Salt Lake City–based nuclear waste management company EnergySolutions Inc. said Monday that it has agreed to be acquired by a subsidiary of private equity firm Energy Capital Partners in a $1.1 billion deal that reportedly includes roughly $800 million in debt.

Energy Capital, which has offices in San Diego and Short Hills, New Jersey, will pay $3.75 in cash for each EnergySolutions share. Reuters reports that Energy Capital will pay a total cash consideration of $338.5 million, with the rest of the deal price comprised of EnergySolutions’s sizable debt.

Energy Capital is acquiring a business, with locations in 11 states, that provides nuclear waste disposal and decommissioning services to 22 power plants as well as the governments of the United States and United Kingdom. The private equity firm plans to inject funds into the business to support EnergySolutions’s expansion strategy both in North America and overseas, according to the deal announcement.

The sale has been unanimously approved by EnergySolutions’s board, which will now have the ability to solicit alternative proposals during a “go-shop” period that will last through February 6, under the terms of the agreement. The deal is subject to approval by EnergySolutions’s shareholders, as well as by regulators in the U.S. and U.K.

Latham & Watkins is advising Energy Capital on the acquisition with a deal team led by corporate partners David Kurzweil and David Lee in New York and Orange County, respectively. Latham frequently advises Energy Capital on transactions with Kurzweil advising on a number of them, including the 2006 acquisition of competitive generation assets from Northeast Utilities for $1.34 billion. In 2011, Lee advised Energy Capital on its $101 million purchase of CoaLogix.

Andrew Singer, Energy Capital’s general counsel, is a former Latham partner who served as global chair of the firm’s project development and finance group before joining Energy Capital in 2005.

Also working on the deal for Latham: finance partners Jeffrey Greenberg and Matthew Henegar; capital markets partner Gregory Rodgers, benefits and compensation partners James Barrall and Catherine Drinnan; environment, land and resources partners Christopher Norton and Christine Rolph; litigation partners David Hazelton, Thomas Heiden, Zachary Fardon, John Shyer, Edward Shapiro; litigation counsel Kyle Jefcoat, Dean Baxtresser, and Les Carnegie; securities litigation partner Michele Johnson; real estate partner Robert Frances; tax partners David Raab and Daniel Friel; antitrust partners Bruce Prager and John Colahan; investment funds partner Nadia Sager; and intellectual property counsel David Kuiper.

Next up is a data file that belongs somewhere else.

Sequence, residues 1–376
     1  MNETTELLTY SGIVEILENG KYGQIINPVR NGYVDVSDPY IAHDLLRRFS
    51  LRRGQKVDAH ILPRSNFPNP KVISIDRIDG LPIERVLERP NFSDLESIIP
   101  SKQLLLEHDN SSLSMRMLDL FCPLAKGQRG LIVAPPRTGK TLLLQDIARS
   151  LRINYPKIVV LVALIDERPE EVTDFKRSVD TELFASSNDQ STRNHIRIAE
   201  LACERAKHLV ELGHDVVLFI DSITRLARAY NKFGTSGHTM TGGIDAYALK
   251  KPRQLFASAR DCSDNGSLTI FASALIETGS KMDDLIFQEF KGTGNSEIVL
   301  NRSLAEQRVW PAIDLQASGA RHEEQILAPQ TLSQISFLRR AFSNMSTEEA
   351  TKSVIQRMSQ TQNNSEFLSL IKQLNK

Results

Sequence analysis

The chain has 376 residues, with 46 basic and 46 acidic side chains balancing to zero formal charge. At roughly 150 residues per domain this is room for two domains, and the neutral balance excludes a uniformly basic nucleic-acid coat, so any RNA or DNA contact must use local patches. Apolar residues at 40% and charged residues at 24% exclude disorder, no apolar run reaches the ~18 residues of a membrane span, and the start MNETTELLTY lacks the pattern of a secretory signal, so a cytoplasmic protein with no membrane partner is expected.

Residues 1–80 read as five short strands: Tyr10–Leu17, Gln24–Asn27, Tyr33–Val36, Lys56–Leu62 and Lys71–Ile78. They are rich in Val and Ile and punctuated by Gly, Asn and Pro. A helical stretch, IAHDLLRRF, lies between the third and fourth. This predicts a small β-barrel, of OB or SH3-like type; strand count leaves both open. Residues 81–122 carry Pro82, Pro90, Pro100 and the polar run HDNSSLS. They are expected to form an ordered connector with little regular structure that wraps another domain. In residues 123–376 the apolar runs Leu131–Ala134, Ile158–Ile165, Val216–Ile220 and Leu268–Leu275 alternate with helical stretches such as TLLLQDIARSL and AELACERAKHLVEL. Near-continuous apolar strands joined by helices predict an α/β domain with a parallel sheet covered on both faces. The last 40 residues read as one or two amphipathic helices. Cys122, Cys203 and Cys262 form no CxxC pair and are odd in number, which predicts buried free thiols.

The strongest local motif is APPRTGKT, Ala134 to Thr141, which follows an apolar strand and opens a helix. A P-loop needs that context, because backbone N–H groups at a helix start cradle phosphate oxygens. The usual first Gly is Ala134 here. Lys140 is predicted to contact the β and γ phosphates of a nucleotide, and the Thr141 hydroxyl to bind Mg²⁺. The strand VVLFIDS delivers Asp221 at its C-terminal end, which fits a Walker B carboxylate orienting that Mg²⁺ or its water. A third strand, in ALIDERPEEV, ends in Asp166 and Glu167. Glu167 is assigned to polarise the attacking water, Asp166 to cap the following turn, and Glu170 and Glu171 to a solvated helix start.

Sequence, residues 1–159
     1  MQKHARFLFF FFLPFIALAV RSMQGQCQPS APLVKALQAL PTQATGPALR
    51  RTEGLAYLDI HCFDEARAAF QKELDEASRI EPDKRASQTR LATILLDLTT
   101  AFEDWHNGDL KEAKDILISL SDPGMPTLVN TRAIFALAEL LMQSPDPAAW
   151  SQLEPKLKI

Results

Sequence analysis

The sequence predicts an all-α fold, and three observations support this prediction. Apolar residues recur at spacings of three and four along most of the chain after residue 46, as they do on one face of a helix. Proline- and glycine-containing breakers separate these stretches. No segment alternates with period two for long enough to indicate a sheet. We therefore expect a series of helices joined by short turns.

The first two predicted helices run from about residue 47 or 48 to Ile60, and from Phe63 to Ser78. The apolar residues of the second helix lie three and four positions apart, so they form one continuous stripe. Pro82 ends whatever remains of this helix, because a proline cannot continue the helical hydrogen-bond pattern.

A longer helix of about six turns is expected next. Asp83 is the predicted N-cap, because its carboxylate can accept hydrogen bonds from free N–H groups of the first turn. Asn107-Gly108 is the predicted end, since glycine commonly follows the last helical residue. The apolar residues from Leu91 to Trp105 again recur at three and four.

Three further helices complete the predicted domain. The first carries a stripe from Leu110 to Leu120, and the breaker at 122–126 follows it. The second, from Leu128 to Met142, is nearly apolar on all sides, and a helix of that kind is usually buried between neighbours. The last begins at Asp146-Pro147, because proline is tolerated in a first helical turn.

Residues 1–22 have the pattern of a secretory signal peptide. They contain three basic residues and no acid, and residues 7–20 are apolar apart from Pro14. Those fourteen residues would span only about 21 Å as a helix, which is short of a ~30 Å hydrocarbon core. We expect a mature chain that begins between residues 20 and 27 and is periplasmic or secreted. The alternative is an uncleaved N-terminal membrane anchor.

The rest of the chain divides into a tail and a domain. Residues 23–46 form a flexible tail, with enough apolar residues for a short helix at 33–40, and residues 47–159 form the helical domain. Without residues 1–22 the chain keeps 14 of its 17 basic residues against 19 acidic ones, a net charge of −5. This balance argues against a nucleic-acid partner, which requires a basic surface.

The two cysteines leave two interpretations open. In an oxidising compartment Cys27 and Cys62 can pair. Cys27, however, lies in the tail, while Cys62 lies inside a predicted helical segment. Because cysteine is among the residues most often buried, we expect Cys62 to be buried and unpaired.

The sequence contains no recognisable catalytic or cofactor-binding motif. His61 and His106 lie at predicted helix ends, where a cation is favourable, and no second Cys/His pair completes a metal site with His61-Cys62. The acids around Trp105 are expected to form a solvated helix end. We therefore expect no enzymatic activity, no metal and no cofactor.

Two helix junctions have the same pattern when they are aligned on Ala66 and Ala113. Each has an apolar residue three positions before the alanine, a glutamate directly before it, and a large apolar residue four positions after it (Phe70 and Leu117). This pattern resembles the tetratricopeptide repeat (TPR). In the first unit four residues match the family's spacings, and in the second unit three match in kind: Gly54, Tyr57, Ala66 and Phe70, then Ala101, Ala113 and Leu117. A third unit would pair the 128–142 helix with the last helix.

Latham Washington, D.C. finance partner David Schwartz is advising on nuclear regulatory issues, along with associate David Pettit. Other Latham associates on the deal are: corporate associates Michael Young, Darren Schecter, Aneta Ferguson, and Michael Kang; finance associate Veronica Relea; benefits and compensation associates Thomas Asmar, Daniel Ricks, Kathryn Ramsden, Gretchen Lennon, and Josephine Jay; environment, land and resources associates Davon Collins, Charles Anthony, and Matthew Thurlow; real estate associates James Mann and Sean McClure; tax associates Matthew Dewitz and Mel Adkins; and litigation associates Eric Swibel and Sarah Diamond.

EnergySolutions is being advised by Skadden, Arps, Slate, Meagher & Flom. The firm’s team includes Palo Alto–based corporate partners Leif King and Kenton King, as well as banking partner Kristine Dunn and executive compensation and benefits partner Joseph Yaffe.

EnergySolutions’s general counsel is David Angerbauer.

The sale of EnergySolutions wasn’t the only action Skadden saw Monday, as the firm also advised Castle Harlan Inc. on its sale of IDQ Acquisition Corp. to private equity firm Kinderhook Industries. Financial terms of that deal, also announced Monday, were not disclosed—but, Castle Harlan paid $160 million for IDQ two years ago. The Garland, Texas–based company specializes in Do-it-Yourself repair products for automotive air conditioners.

Skadden’s New York–based team on that transaction includes M&A partners Marc Packer and Ann Beth Stebbins, as well as tax partner Diana Lopo and corporate finance counsel Michael Schwartz.

Kirkland & Ellis New York corporate partners W. Brian Raftery and Christian Nagler are leading a team from that firm that is advising Kinderhook.

Skadden is coming off a big year for dealmaking, with the firm topping recent lists compiled by both Bloomberg and Thomson Reuters of the law firms that advised on the largest M&A deals of 2012.